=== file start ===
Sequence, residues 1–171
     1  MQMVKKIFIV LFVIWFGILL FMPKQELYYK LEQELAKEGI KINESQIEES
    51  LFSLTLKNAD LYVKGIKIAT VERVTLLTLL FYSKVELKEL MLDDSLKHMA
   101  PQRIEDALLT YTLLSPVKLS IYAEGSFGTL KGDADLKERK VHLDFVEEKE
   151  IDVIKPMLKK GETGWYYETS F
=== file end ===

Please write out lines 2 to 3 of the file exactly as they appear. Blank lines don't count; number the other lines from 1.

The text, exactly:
     1  MQMVKKIFIV LFVIWFGILL FMPKQELYYK LEQELAKEGI KINESQIEES
    51  LFSLTLKNAD LYVKGIKIAT VERVTLLTLL FYSKVELKEL MLDDSLKHMA